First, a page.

How you think about many immediate issues facing the country should hinge on your expectations about the future. Consider the battle shaping up this fall over the confirmation of President Barack Obama’s judicial nominees, particularly the three he has nominated to the U.S. Court of Appeals for the D.C. Circuit—Patricia Millett, Cornelia Pillard, and Robert Wilkins. Control of the D.C. Court is important in itself, but the bigger issue is the willingness of Senate Democrats to restrict use of the filibuster and revamp the ground rules in an institution that has often obstructed liberal reform.
Of all the good-government obsessions that keep people focused on process instead of substance, one of the very worst—and I know that lots of you reading this share it—is over the “unfairness” of how congressional district lines are drawn. Within that overrated problem, there’s nothing worse than the obsession with pretty and ugly districts. Really: let it go. If you care about politics and public policy, find something else to worry about.
The United States Senate and the nation it so imperfectly represents both had a good day today, thanks to something that’s been in short order around here lately: A Democrat who knows how to play hardball.
Adam Liptak, writing for the New York Times, has a long feature on Senate malapportionment, political science shorthand for the fact of unequal representation in the upper chamber of Congress. Our system has always had a small state bias, hence the Senate—a powerful body where each state gets equal representation—and the Electoral College, a variation on the same.
Let's imagine a world in which Pennsylvania's voter-ID law did not disenfranchise hundreds of thousands of voters. The law, which requires voters show government-issued identification in order to vote, has created significant burdens for voters without IDs, a population disproportionately made up of poor people and minorities. In our imaginary world, the state would do a stellar job of educating voters, reaching out to African Americans—who disproportionately lack state IDs—and Spanish-language media. They would send postcards as early as possible to tell every voter in the state about the change. A "card of last resort" would be available to any voter who could not easily access the required documents for a standard ID, which include a birth certificate and a Social Security card.
Voter ID laws create an unnecessary barrier to voting that disproportionately affects poor and nonwhite voters. If you’re going to have them, you should at least tell people that they're going into effect. But given the impetus of these laws—to disenfranchise Democratic-leaning voters—it's no surprise that few of the states that have passed them have made any effort to educate voters.
Sometimes fearing the unknown isn't such a bad idea. Like, for instance, when they're serving "mystery meat" in the cafeteria. Or, on a slightly bigger scale, when your state is considering a new law that could disfranchise hundreds of thousands of voters.
This year’s presidential election is guaranteed to be exciting. Mitt Romney and President Barack Obama are incredibly close in the polls, and barring a major change in outside conditions—economic collapse or a foreign-policy crisis—that will likely carry over through the fall.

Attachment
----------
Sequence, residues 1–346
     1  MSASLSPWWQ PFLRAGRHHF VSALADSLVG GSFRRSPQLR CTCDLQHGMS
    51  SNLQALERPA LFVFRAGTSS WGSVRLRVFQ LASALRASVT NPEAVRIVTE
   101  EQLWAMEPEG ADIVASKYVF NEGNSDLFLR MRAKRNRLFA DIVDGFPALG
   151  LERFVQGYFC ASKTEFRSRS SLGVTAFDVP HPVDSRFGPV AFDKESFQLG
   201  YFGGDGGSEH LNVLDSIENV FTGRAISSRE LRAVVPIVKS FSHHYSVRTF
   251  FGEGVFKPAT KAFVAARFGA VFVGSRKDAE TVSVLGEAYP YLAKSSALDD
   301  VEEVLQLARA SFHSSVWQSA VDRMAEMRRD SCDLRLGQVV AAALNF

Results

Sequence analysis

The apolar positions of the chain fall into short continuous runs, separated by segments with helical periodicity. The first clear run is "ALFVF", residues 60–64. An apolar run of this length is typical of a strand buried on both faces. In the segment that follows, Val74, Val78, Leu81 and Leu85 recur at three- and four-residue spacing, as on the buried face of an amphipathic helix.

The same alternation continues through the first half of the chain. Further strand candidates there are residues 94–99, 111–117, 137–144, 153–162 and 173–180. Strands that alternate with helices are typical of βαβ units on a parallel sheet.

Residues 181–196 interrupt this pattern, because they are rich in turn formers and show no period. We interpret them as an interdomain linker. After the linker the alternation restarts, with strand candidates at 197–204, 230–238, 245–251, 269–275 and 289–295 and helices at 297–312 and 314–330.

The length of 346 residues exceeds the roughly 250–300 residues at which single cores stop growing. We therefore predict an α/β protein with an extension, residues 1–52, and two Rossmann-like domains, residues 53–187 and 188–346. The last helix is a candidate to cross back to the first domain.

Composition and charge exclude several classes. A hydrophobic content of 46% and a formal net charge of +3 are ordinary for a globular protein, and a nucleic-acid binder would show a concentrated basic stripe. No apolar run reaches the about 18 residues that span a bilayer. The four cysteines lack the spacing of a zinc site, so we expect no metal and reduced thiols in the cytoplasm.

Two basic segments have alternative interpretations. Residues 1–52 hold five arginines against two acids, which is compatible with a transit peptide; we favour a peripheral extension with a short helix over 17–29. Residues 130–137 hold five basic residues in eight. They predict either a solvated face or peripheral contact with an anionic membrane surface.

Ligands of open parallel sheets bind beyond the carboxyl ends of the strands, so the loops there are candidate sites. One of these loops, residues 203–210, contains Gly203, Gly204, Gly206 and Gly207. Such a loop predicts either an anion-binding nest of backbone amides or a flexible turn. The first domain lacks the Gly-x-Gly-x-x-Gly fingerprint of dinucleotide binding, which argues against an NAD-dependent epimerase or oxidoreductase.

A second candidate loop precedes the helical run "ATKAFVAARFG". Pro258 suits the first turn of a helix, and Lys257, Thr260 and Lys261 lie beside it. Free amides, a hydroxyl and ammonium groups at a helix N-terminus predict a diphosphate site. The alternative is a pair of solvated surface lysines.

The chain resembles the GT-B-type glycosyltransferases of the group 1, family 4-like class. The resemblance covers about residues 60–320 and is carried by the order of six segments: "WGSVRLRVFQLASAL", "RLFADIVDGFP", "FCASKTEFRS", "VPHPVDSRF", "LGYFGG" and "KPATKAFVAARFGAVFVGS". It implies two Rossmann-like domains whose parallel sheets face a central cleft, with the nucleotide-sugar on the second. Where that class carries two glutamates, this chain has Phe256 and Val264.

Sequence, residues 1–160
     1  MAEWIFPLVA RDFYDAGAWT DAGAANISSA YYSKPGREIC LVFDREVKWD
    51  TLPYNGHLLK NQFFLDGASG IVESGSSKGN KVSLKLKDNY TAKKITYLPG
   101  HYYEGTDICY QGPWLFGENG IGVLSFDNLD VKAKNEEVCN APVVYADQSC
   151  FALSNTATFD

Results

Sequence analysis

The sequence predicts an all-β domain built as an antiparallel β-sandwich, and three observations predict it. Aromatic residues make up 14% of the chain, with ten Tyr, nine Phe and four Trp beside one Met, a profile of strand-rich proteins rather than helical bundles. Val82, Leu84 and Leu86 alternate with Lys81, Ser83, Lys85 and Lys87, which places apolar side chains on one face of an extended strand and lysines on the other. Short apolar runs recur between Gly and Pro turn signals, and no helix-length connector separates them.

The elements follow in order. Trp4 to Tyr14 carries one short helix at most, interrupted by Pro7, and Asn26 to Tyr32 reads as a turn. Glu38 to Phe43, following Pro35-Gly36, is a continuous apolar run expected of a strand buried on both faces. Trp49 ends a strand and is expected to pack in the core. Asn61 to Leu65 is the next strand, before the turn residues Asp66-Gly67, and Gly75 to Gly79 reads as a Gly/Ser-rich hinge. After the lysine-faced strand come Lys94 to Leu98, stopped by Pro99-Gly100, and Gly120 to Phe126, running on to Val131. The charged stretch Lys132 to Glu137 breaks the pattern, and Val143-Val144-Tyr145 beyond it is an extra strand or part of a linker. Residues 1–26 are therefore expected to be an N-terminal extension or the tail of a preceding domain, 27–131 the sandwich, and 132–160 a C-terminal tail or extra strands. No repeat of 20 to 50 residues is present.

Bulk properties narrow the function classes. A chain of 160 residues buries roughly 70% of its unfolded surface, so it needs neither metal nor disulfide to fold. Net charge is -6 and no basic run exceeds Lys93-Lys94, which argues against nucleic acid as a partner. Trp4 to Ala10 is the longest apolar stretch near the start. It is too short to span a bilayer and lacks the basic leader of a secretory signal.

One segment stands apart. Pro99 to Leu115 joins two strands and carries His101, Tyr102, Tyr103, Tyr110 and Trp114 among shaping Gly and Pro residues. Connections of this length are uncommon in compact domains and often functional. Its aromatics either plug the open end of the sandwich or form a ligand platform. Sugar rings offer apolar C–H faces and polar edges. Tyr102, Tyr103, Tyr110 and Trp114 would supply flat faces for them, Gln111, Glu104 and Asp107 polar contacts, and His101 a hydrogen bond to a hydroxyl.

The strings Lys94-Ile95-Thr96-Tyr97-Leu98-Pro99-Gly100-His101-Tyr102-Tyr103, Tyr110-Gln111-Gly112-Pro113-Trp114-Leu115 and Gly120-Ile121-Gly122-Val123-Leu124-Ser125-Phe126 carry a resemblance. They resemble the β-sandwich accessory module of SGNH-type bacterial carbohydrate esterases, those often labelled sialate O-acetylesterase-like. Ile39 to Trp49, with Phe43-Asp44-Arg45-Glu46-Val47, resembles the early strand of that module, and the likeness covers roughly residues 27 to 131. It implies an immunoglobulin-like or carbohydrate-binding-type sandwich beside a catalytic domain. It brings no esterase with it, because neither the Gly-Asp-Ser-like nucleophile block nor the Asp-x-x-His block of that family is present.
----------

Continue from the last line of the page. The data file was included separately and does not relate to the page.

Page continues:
If Americans don't believe that elections are conducted fairly, or believe that the person who takes office didn't actually win, the implications for the country are pretty scary. But according to one recent survey, distrust in election outcomes is startlingly widespread—and growing.
Despite the rhetoric of GOP officials, it’s more than clear that voter ID laws are designed to depress turnout among traditionally Democratic groups. Attorney General Eric Holder has even gone so far as to attack the laws as glorified “poll taxes”—one of the mechanisms used during Jim Crow to keep African Americans from voting.
Ten states have recently passed laws requiring voters to present government-issued photo identification before they can vote. Ostensibly, these laws are to prevent voter fraud. However, a study by nonpartisan university researchers at NYU's Brennan Center for Justice has shown that voter fraud is microscopic (e.g., 0.00004% of the votes in the 2004 Ohio election were fraudulent); the penalty for getting caught is so large (5 years in prison), and the effect of one vote so small, that nobody risks it. The very occasional fraudulent vote is invariably from an ex-felon or green-card holder who mistakenly thought he had the right to vote.
Texas doesn't have an air-tight case when it comes to the stringent voter-ID law that's currently having its week in court. Even Fox commentator Judge Andrew Napolitano said he expects the state to lose. And according to Politico, the Department of Justice (DOJ) has promised to show not only that the voter-ID law will have a discriminatory effect but that such an effect was intentional.
The debate around voter ID laws is generally one about protection versus disenfranchisement. Advocates of the laws, which require photo identification to vote, often say the law won't have an impact anyone who's voting legally. In Pennsylvania, the Secretary of the Commonwealth assured lawmakers that 99 percent of voters in the state had the necessary identification, and promised that "No one entitled to vote will be denied that right by this bill." Her views were echoed by Republican lawmakers throughout the state who pushed for the measure. You need a photo ID for everything these days, the logic seemed to go, so why not voting too? After all, who doesn't have a photo ID?